That’s a wider critique of tennis. It gets worse when you take it down to the national level and consider the sort of job Tennis Australia is doing, especially in nurturing male players. In golf there are at least four top Aussies in the very upper echelons of the game (Leishman, Day, Smith and still, barely, Scott). That is an incredible result for a country of 25 million. And Jason Day’s background is as unprivileged as they come. Yet he displays wonderful competitive drive and great sportsmanship in a way wholly unknown to the Tomics and Kyrgioses. Whatever golf is doing, tennis should be asking for the recipe. If it weren’t for Ash Barty I confess I’d find it hard ever to cheer for an Australian tennis player.

It gets worse, alas. Failings related to the game itself, and producing moderately well-mannered winners, is one thing. Failings related to thinking your main goal in life is to act as the propaganda arm of the Greens party are quite another. Yet that’s what Tennis Australia now looks like to me. What genius in the organisation thought it would be a good idea to invite US fashionista Anna Wintour out to this year’s Australian Open to be given an official platform to insult this country’s greatest ever tennis player Margaret Court? Every time Ms ‘they can’t be thin enough for me’ Wintour spoke she revealed a stunning ignorance about Australian politics (name one LGBT child thrown out of any school in Australia since the Libs took office in 2013, just one), matched only by her ignorance of tennis. The point of no sport going is to further GetUp!, lefty, progressive values such as ‘inclusivity’ – whatever that means since there’s clearly no room to include those with conflicting views. No, the point is to win within the rules and with a modicum, ideally more, of sportsmanship.  The competitor’s political views are neither here nor there. I admire plenty of athletes whose politics I don’t like.  Why is it these days every lefty thinks politics must intrude into everything?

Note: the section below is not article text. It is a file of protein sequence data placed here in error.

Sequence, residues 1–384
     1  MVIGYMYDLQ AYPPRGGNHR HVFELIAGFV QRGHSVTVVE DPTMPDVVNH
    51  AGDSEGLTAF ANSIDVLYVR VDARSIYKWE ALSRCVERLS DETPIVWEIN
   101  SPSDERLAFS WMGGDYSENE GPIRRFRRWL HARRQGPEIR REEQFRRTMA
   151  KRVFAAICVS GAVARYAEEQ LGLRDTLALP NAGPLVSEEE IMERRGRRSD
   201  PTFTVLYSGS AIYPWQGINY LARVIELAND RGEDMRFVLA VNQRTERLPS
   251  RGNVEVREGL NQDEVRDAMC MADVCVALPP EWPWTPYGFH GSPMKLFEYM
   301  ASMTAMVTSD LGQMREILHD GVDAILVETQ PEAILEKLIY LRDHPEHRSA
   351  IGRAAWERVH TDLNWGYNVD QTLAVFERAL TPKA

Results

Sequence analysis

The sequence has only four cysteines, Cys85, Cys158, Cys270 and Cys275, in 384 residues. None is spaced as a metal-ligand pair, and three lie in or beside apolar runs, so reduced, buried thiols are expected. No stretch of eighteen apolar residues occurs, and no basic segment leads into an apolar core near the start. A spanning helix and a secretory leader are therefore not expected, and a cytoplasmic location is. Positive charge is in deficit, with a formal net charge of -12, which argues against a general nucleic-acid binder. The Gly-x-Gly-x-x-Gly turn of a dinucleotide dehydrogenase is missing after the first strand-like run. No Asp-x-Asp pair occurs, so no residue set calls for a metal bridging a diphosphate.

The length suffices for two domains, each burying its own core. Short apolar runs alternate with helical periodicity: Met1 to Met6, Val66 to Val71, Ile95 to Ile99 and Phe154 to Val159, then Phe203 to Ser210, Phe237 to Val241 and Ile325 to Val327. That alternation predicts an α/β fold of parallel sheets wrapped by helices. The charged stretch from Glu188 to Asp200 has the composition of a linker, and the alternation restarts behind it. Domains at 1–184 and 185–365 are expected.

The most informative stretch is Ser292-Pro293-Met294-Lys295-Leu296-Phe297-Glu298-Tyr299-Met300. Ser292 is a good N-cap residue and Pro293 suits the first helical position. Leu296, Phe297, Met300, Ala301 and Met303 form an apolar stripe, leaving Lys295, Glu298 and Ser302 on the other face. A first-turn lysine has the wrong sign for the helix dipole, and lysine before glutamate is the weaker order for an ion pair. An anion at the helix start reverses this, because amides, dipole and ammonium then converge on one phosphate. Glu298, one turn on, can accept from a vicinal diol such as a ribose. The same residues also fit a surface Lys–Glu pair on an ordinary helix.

Margaret Court won 24 grand slam singles titles and 64 grand slam titles in total. No one will ever match that. She was a brilliant tennis player, a sporting genius. But Tennis Australia thinks it appropriate to invite some ignoramus American fashion editor out here to run her down and insult her because these sports bureaucrats don’t like her politics. Of course a main stadium should be named after Margaret Court. It’s a tennis stadium, not an ad in the Guardian or Fairfax Press.

First they came for the schools, then the universities, then the big business managerial class. Now it’s the sports administrators. Meantime the state of tennis in Australia, barring Barty, stinks. Personally, I’d like to see someone lose a job over this.